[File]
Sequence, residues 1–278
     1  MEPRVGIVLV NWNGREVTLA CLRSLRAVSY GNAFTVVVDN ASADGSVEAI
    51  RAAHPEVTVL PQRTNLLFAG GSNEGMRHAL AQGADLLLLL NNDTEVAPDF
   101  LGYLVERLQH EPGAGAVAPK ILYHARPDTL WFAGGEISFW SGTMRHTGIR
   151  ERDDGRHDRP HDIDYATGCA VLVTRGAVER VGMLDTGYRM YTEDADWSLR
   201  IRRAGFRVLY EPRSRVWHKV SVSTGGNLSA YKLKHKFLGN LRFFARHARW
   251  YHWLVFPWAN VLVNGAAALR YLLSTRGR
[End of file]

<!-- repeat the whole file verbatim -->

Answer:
Sequence, residues 1–278
     1  MEPRVGIVLV NWNGREVTLA CLRSLRAVSY GNAFTVVVDN ASADGSVEAI
    51  RAAHPEVTVL PQRTNLLFAG GSNEGMRHAL AQGADLLLLL NNDTEVAPDF
   101  LGYLVERLQH EPGAGAVAPK ILYHARPDTL WFAGGEISFW SGTMRHTGIR
   151  ERDDGRHDRP HDIDYATGCA VLVTRGAVER VGMLDTGYRM YTEDADWSLR
   201  IRRAGFRVLY EPRSRVWHKV SVSTGGNLSA YKLKHKFLGN LRFFARHARW
   251  YHWLVFPWAN VLVNGAAALR YLLSTRGR